Phase investigation in laser surface alloyed steels with TiC
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Laser technology enables melting and alloying specimen surfaces without the substrate itself being heated, whereby surfaces with special attributes are obtained with the properties of the substrate remaining unaffected. The surfaces of Armco iron and AISI 1045 steel were laser-alloyed with TiC powder, a CO2 laser of 2.5 kW maximum power being used. Optimal laser and powder-feed parameters were established. Particles of TiC were injected into the molten surface layer, forming a composite material, steel + TiC. The microstructures were investigated metallographically. Some of the particles had partially melted during their passage through the laser beam and had re-solidified, forming small and fine dendrites. Phase identification by X-ray diffraction revealed the presence of α-Fe, martensite, and Fe3C phases, as well as amounts of stochiometric TiC and unknown phases. Identification of phases by TEM and diffraction of electrons revealed the presence of unknown phases, such as tetragonal TiC and (FeTi)C. Mössbauer results show ternary Fe-Ti-C phases, which can be related to the TEM and X-ray diffraction results. A correlation was found between the substrate's composition, microstructures, and the different phases present.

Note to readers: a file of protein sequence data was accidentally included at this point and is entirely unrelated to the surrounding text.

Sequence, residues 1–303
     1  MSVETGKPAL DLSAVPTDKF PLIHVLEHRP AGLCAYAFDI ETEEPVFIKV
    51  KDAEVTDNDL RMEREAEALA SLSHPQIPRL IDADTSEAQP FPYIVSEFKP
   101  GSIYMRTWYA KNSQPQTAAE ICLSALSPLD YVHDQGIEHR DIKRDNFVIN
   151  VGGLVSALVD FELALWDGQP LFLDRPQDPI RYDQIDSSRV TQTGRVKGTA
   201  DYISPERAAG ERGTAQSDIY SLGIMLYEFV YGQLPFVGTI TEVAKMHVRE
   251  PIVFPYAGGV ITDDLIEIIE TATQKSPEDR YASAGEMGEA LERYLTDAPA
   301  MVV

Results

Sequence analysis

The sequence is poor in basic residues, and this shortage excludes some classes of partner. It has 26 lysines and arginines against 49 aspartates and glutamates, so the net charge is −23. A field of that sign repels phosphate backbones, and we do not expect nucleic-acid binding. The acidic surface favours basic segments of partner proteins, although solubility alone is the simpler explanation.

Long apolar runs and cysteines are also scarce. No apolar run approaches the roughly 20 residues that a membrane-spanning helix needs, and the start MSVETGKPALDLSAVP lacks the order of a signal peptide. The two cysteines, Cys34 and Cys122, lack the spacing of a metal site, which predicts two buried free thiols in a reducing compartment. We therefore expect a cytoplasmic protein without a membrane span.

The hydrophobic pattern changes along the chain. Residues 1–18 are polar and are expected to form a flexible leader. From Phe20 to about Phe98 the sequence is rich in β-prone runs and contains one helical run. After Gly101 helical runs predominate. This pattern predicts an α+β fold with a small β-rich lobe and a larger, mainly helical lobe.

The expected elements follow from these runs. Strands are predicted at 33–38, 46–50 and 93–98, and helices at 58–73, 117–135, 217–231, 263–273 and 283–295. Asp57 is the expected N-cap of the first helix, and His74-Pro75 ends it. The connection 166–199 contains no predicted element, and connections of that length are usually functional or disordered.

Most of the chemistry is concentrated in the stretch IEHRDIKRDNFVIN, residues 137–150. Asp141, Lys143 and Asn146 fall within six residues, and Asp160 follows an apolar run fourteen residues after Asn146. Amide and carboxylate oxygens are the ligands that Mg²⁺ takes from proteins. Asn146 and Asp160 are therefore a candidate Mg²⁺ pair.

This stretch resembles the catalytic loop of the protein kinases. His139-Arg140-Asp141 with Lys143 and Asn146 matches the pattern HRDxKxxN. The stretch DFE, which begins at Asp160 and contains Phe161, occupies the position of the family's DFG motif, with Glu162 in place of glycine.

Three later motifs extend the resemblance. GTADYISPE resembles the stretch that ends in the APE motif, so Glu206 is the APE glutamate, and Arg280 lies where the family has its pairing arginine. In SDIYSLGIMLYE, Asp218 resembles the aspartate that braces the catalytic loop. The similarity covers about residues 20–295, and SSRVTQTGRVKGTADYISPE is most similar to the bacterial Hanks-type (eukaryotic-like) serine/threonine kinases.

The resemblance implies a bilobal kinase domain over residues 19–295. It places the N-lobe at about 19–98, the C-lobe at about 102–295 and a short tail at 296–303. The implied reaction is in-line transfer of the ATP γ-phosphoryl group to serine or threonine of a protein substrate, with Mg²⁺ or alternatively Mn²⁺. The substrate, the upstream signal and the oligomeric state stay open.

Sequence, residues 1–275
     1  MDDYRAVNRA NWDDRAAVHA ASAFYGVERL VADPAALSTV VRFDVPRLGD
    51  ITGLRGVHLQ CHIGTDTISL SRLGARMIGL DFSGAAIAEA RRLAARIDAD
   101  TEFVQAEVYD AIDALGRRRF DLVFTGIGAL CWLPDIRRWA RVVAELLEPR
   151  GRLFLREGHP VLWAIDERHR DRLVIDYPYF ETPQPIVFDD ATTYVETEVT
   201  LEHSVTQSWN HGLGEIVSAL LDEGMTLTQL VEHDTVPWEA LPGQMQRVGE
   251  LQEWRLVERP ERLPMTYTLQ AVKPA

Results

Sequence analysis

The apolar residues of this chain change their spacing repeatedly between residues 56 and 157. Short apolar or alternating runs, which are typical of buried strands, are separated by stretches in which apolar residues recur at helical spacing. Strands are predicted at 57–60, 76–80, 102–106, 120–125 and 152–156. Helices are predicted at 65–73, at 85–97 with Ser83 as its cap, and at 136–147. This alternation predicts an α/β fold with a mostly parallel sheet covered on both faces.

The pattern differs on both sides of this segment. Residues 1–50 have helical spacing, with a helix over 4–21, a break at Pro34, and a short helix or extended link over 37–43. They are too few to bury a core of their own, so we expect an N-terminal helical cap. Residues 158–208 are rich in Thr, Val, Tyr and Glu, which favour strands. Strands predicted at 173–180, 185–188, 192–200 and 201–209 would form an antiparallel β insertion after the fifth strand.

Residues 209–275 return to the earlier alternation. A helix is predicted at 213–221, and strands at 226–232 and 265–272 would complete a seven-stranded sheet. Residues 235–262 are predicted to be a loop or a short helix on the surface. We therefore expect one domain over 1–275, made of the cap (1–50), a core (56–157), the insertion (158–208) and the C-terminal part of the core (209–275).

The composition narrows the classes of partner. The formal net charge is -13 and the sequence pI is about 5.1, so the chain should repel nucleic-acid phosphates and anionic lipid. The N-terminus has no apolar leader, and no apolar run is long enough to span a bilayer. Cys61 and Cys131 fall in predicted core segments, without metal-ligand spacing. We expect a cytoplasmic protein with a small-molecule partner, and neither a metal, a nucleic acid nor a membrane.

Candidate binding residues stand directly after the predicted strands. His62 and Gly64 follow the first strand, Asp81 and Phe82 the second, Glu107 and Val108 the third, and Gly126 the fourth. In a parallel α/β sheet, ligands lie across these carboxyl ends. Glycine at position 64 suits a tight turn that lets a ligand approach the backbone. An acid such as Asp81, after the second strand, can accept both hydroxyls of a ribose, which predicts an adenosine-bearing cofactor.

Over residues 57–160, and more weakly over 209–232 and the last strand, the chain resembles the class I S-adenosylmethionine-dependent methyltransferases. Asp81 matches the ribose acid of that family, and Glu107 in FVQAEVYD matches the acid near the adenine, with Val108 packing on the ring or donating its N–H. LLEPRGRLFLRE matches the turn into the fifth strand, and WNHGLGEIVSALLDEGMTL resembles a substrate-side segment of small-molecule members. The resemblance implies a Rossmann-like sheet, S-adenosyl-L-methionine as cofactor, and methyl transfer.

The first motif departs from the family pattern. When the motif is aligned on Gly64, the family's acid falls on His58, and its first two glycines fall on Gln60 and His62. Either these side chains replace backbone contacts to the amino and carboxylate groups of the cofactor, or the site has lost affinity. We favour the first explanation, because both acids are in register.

KeywordsMicrostructure Martensite Maximum Power Alloy Steel Phase Identification
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